“Public-private partnership” throws up doubt over solicitors’ motives
Radical plans to involve big name law firms in police investigations have split the legal profession this week, with some questioning whether lawyers can resist the draw of big money profits.
Championed by the City of London police, the new pilot project will mean private law firms — notably Mishcon de Reya — will be hired by law enforcement to pursue cyber criminals. Police officers will tip off law firms with the suspect’s details, and then it’s over to the solicitors to use the civil courts to pursue their assets.
Speaking to The Guardian, Chris Greany — head of economic crime at the City of London police — explained why he thinks this is a good idea:
Civil recovery allows us to get hold of a criminal’s money sooner, and repay back victims sooner.
Who benefits from this? The victim will benefit, because they will get their money back. We’ll benefit because the criminal will be skint and they will be brought back down to having nothing again, and have to get about their normal lives, and they won’t have status in the community.
Others, however, are not so sold on the idea.
The controversy of the project hinges on its profit-making potential, with the profit going to the lawyers of course. Civil proceedings against the suspect can be initiated without a criminal conviction and maybe even a criminal charge, and a successful claim means a big payout for the legal team.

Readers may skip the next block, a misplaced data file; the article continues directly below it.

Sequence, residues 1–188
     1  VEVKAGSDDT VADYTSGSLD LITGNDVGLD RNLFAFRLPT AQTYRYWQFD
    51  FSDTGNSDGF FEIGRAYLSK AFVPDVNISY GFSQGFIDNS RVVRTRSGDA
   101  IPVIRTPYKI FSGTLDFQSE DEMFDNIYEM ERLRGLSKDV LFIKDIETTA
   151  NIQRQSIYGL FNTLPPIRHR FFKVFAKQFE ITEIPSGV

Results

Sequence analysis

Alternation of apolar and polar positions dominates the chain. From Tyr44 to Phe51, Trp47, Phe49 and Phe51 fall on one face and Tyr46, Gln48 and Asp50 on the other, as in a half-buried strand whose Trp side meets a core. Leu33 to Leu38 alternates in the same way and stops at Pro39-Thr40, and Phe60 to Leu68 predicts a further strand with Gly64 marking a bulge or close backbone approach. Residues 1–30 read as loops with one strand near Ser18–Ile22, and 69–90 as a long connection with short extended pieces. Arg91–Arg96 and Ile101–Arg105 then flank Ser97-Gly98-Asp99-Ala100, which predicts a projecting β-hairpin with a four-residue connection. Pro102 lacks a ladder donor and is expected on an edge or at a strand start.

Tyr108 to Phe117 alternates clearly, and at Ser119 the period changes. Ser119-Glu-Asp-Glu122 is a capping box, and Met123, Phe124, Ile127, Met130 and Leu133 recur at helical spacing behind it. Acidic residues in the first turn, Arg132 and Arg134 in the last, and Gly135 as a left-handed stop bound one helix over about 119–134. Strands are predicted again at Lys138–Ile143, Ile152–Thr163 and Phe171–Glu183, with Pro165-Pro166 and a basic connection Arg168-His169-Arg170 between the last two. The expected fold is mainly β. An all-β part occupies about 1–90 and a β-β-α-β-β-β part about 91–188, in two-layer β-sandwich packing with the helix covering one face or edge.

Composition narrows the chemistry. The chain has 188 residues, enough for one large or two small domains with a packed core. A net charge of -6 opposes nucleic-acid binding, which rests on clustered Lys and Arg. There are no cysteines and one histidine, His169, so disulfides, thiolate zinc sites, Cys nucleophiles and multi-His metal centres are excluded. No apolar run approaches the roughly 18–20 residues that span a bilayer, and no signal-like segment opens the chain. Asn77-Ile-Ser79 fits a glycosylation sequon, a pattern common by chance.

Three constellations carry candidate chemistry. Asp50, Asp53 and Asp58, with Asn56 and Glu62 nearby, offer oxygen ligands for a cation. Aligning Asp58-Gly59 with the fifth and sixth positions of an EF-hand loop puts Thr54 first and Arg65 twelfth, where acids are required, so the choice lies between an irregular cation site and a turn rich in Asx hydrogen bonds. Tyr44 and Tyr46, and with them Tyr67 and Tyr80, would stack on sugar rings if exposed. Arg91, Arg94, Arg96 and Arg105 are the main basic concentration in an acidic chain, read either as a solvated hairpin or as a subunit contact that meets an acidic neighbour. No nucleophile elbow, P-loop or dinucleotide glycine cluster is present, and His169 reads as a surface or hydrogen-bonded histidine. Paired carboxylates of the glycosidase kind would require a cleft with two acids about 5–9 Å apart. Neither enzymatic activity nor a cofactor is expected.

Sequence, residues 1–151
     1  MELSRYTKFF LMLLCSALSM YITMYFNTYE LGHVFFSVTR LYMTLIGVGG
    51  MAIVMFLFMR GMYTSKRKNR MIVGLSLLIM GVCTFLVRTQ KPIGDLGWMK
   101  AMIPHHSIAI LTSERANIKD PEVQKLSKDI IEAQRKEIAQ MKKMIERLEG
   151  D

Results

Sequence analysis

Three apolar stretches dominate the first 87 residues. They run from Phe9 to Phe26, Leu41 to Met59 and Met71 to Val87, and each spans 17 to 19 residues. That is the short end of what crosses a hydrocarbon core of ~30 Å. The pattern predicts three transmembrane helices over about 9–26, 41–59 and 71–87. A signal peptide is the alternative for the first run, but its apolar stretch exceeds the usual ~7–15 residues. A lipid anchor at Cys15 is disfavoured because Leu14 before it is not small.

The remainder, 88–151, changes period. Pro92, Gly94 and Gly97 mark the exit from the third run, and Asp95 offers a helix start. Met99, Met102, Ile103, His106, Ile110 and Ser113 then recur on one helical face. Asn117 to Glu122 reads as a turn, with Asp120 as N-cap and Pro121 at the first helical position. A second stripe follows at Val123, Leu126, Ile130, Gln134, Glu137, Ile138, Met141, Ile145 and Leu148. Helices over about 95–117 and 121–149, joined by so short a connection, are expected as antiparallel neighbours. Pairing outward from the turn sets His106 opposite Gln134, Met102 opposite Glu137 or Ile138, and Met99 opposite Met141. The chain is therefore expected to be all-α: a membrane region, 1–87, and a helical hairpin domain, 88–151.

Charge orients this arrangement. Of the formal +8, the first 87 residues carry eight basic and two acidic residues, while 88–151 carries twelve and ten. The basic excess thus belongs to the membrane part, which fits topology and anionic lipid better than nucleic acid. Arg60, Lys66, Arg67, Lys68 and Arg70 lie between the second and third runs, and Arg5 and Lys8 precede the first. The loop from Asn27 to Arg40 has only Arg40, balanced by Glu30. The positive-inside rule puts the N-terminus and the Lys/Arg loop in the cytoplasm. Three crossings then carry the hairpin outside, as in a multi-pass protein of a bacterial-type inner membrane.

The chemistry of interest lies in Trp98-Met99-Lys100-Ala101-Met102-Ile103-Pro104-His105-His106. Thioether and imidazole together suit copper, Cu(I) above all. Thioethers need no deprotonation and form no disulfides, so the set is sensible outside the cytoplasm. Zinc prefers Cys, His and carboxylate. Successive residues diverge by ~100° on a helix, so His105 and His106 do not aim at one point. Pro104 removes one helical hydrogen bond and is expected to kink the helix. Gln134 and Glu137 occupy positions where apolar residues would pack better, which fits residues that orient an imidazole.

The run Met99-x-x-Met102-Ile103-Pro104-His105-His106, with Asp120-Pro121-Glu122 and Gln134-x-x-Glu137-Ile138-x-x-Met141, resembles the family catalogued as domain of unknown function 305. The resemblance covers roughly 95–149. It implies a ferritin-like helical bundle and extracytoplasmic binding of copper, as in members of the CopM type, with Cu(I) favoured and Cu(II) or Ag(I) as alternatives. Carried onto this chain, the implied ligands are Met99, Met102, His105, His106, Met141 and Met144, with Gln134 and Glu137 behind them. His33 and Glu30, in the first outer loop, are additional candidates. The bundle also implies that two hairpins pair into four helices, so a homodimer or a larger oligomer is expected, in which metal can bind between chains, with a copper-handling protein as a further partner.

Some commentators — drawing on the greedy lawyer stereotype — have described this new development as a “bonanza for lawyers”. One tweeter said it’s “deeply uncomfortable”; another foresaw it would “backfire spectacularly”.
So where do the lawyers stand? Well, on both sides of the fence.
Robert Wynn Jones, a partner at Mishcon de Reya, described the scheme as “novel and pragmatic”, and said it would strengthen the deterrent to criminals. And, for what it’s worth, legal journalist Joshua Rozenberg QC thinks it’s a “neat move”.
However, Bindmans lawyer Katie Wheatley isn’t so optimistic. She commented:
We’ve seen privatisation in this context in other ways, for example prison privatisation. We all know how badly that’s gone wrong… [H]aving possibly life savings, large assets stripped from you is a life-changing event. Whereas for the companies that the role was subcontracted to, it would just be a job.
Moulding law firms and the state into — in Greany’s words — a “public-private partnership” is certainly an interesting concept, but elsewhere in the big wide world of legal affairs is a stark reminder of what can happen when the two worlds clash.
It has been reported this morning that law firm Public Interest Lawyers is going to be closed down, just weeks after the Legal Aid Agency — part of the Ministry of Justice — withdrew its contract.
The Birmingham-based law firm, headed by Phil Shiner, has been on the receiving end of months of right wing tabloid hate after it was accused of hounding British servicemen and women for financial gain. Now, the firm is expected to close by the end of this month.